My entire life has convinced me that anything worthwhile cannot be bought. Intangible assets like self-esteem, character and values or sentimental objects like heirlooms, a rock from your favorite place or a handmade bracelet from your sister cannot be bargained in any marketplace.
We were on the final ascent of the trip over the Apennines Mountains that divide the east and west of Italy, bound for Rome. From the corner of my eye I spotted a little rubber frog lying lonesome on the shoulder of the road. My brakes locked and I waddled backwards to retrieve the small token.
Captured in some piece of junk can be memories, feelings or emotions. My mom’s favorite creature is the frog. Peddling my bike thousands of miles from home, it was as if my mom popped her head around the corner just to say a quick “hello.” A stupid rubber frog doesn't make everyone smile, but there is something that reminds each of us of the love we feel from and for others.
Childhood memories of sitting in the front seat of my mom's car ran through my mind. She would always have some little toy or object she found on the ground glued to her dashboard. I remember a cute little orange goldfish with oversized eyeballs. Mom called them “Treasure Trash.” Lydia, my beloved, always has a heads up penny tucked in her purse for good luck. And a miniature pair of Puerto Rico boxing gloves hanging from her car mirror reminding her of dad.
One day, in my late teens, my mother came home from a walk with a giant stick. “It's just a cool stick, check it out.” she said. A decade later and it's still hanging up in her house. It holds a little memory of our old dog Gizmo, who trotted beside her on adventures through forested paths. Just a little treasure trash to remind us of the things we love. Even if that stick is thrown out, the essence still lingers, it's what made that stick worthwhile.
In the past few weeks Lydia and I have made some lifetime friends and memories while wandering among Italy. Here are some quick tales:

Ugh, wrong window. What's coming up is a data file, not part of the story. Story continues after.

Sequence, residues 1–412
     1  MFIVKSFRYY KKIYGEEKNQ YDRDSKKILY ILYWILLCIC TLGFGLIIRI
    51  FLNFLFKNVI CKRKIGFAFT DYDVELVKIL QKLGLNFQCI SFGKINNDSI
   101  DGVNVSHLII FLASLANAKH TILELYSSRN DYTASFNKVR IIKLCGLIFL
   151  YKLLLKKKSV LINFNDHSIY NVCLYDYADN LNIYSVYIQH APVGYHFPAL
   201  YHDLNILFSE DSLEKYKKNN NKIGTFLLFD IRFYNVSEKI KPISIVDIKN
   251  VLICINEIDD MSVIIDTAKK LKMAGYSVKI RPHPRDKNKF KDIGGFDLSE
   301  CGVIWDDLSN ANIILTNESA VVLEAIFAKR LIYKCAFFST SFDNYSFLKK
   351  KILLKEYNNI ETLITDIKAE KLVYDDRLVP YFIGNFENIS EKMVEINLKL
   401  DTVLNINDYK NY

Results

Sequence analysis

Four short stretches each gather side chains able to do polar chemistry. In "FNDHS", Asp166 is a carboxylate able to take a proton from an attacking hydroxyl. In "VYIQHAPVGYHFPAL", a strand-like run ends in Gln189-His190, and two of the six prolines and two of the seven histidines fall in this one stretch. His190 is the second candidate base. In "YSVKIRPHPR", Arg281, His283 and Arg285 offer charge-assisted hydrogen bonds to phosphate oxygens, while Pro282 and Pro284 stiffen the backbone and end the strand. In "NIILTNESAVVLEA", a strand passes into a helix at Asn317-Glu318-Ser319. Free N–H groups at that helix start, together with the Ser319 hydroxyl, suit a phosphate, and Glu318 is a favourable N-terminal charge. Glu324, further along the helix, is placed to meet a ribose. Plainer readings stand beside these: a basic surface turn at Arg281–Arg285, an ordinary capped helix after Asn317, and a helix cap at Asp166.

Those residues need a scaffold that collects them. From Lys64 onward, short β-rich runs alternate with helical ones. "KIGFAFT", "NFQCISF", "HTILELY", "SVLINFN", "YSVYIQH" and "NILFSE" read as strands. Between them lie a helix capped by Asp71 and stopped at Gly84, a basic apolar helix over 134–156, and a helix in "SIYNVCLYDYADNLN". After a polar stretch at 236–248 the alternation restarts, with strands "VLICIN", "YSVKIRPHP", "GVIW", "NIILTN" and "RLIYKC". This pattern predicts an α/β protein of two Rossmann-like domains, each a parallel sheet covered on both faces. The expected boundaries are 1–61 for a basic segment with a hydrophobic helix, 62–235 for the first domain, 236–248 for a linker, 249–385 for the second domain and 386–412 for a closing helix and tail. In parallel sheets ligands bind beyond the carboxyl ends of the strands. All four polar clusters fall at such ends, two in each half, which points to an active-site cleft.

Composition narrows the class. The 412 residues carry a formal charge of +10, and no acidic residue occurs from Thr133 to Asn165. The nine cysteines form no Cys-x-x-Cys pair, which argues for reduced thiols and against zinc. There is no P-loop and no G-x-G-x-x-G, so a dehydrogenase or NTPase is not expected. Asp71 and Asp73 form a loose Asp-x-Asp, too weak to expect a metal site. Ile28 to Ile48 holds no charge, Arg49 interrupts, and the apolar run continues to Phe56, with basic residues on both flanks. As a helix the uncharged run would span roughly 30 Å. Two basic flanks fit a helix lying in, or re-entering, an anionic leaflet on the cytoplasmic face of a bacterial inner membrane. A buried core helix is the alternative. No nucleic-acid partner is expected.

“What's wrong,” Lydia said.
“I don't know, it looks closed,” I replied, looking down at my phone.
The one star hotel Google suggested had all its lights turned out. It was empty, lifeless.
“Well, we should move on,” said Lydia.
As I struggled to get my bike into the street between seven thousand scooters parked along the sidewalk a young man pulled up on a motorcycle.
(Speaks in Italian.)
“Mi scusi, no parlo Italiano.”
“Hablo Espanol?” He asked.
“Do you speak English?”
He asked if I needed help and what I was looking for. I told him of our search for cheap accommodations.
“Why don't you just come over. I live above the Spaghetti House. I'll see you there at dusk.”
He handed me a paper map, showed me some places to see in the meantime and rode off on the motorcycle. What kind of angel is this and who sent him? All this happened in about 60 seconds. What made it more of a miracle was that we were looking for somewhere to stay a few nights because Lydia was not feeling well. It proved to be a godsend.
We spent 3 days with Marco and his friends, sharing food and conversation. The natives showed us the secrets of making real pizzas from scratch. We jazzed the deep questions of life's mysteries and cursed like the dickens. Our final night was spent with Marco and his girlfriend as they led us in dance to local musicians along the streets of Trieste. I asked Marco why he spontaneously approached me that first day. He said, “I like cycle travelers. And you guys looked nice.” I suppose that's all it takes to convince someone to give gracious kindness.